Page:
• We had this guessing game going before when Boeing anounced $19++b accumulated
      inventory for the Dreamliner project. No engines and they will probably only get an average of $76m for the first 400 -8 frames ( see flightbloggers research ?a year? ago )
      40 “complete” frames @ $76m ~= $3b potential revenue from selling (parts of that) inventory.

      Knowing what Boeing actually tags as inventory would be really enlightening.
      ( The investments for buying out partners doesn’t count as inventory, right? )

  8. This is a great milestone for Boeing and NH to reach. It has been a to long and to bumpy road to get to this point. But as said by others have said, getting a profit position on the B-787 progam, as a whole, will be one of the bigger challanges remaining. Boeing has to climb the production learning curve, and do it as fast as they can do it successfully and without additional self inflicted problems. The B-787 also has to meet its performance goals, or exceed them very quickly. If they do, and we face yet another massive fuel price increase, then Boeing will be able to sell the B-787 much faster than it has in recent years.

    • It is a great milestone indeed and everyone has a sense of relief. But the 787 is now entering a crucial period of it’s development: real-life validation of the extensive flight testing of the last couple of years.

      The Dreamliner is a bold design that encompasses a great deal of innovations never used before in an airliner. Composite fuselage is the most obvious But the all-electric concept is in my opinion the most audacious. The ultimate validation of the technical choices that were made earlier will be the in-service reliability record and real-life efficiency of the technology.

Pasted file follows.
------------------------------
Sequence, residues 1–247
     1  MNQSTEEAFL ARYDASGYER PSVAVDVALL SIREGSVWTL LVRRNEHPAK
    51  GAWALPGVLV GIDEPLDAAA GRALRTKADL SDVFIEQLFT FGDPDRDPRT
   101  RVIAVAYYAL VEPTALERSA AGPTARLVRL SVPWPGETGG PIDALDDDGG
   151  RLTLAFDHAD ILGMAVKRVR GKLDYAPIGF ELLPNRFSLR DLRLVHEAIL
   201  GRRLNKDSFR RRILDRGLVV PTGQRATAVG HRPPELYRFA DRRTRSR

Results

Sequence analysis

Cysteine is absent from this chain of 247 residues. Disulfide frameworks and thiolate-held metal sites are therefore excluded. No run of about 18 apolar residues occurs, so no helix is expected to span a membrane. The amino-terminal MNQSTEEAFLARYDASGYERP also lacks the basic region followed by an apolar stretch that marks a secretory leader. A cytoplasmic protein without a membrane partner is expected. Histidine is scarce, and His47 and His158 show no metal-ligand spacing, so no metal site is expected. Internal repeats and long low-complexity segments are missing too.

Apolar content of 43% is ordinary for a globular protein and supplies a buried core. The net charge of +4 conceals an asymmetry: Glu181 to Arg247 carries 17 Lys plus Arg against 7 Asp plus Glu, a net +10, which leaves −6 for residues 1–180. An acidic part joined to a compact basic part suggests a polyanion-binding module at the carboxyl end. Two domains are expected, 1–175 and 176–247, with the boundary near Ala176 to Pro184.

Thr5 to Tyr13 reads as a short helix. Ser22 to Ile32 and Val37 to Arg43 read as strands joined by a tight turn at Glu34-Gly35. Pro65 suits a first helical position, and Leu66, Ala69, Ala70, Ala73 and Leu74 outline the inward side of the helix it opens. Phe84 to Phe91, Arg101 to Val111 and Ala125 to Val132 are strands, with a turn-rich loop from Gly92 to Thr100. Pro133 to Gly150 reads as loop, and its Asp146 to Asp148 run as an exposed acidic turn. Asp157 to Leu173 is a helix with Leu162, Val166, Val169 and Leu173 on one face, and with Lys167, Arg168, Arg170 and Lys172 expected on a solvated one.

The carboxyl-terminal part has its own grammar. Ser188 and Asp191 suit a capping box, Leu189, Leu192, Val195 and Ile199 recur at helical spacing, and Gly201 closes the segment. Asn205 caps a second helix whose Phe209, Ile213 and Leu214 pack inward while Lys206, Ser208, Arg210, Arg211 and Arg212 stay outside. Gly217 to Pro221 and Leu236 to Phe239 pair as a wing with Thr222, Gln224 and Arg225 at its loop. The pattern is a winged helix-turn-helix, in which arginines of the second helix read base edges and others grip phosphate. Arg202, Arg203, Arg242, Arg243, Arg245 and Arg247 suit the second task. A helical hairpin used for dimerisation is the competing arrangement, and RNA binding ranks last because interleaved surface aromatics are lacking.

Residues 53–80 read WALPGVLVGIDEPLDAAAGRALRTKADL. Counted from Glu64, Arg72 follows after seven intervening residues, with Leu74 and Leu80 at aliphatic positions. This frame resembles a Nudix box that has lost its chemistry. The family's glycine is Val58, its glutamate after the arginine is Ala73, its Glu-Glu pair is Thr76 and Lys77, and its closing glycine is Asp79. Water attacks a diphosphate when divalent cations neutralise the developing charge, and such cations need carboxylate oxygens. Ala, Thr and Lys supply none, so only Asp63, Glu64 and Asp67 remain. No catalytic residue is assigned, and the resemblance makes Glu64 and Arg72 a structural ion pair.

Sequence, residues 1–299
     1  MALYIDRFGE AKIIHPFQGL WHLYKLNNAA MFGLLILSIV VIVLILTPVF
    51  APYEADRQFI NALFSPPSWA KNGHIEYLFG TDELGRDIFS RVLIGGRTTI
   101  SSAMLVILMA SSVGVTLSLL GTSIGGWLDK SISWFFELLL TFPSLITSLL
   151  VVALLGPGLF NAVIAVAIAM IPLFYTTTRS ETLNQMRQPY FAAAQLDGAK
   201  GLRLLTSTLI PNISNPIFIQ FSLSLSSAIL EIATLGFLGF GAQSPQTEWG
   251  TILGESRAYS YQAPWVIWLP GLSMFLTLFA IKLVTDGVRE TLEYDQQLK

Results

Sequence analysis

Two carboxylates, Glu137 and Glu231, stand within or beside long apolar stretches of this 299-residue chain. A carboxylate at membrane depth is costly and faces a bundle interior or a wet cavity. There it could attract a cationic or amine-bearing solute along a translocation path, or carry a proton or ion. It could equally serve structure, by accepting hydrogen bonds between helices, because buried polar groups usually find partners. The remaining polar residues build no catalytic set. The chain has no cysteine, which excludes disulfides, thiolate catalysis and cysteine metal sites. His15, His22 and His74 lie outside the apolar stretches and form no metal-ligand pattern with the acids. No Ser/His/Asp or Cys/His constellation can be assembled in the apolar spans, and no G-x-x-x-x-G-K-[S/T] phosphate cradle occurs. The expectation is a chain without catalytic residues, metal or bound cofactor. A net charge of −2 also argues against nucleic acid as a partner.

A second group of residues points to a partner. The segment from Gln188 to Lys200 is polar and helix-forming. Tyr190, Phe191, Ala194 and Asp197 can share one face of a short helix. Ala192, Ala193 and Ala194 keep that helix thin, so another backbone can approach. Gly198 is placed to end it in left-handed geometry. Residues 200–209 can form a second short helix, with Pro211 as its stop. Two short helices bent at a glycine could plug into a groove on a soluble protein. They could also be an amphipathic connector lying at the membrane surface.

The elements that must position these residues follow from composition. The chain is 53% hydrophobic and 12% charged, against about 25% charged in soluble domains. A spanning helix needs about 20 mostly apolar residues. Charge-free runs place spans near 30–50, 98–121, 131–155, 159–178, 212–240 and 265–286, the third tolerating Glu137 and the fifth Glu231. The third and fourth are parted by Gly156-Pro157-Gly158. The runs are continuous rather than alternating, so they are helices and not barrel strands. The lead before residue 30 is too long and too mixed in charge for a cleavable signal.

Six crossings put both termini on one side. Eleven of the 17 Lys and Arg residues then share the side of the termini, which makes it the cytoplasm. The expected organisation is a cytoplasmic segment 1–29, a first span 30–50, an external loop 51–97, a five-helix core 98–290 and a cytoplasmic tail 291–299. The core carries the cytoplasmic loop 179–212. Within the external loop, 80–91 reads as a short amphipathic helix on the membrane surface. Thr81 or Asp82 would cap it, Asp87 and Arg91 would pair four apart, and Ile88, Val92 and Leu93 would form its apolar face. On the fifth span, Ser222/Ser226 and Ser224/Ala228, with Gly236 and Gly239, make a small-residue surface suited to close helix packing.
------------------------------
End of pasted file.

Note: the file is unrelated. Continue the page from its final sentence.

Frankly I don’t know what to expect. On the 787 the engineers left behind well proven hydraulic and pneumatic technologies for an all-or-nothing electrification effort. Even Airbus, traditionally at the avant-garde in terms of innovation, is shying away from the all-elctric architecture.

      When I think about the whole 787 endeavour the word that most often comes to my mind is “risky”. Vision or recklessness? Audacity or imprudence? Success or failure? The ultimate test will be the test of time.

  9. I cannot disagree with you, Normand.

    The B-787 does have bold new features that can, if successful, take airliner design and developement up to the next level. The B-787 was designed with the pilot, flight attendents, passengers, and maintaners in mind. Lowering the cabin altitude from 8,000′ to 6,000′ will prove to be a hugh benefit in passenger and crew comfort. The smaller touches, like the electronic window shading will be impressive to the pax, too.

    The down side of the B-787, to maintaners is it will eliminate those who’s specialty is in hydraulics, esspecially if future airplane designs from both OEMs follow the all electric architecture. That is a real possibility if the all electric is successful.

    But only the future will tell if Boeing’s bold steps are as successful as the B-707 was introducing jet airliners and the B-747 was introducing the wide body airliner.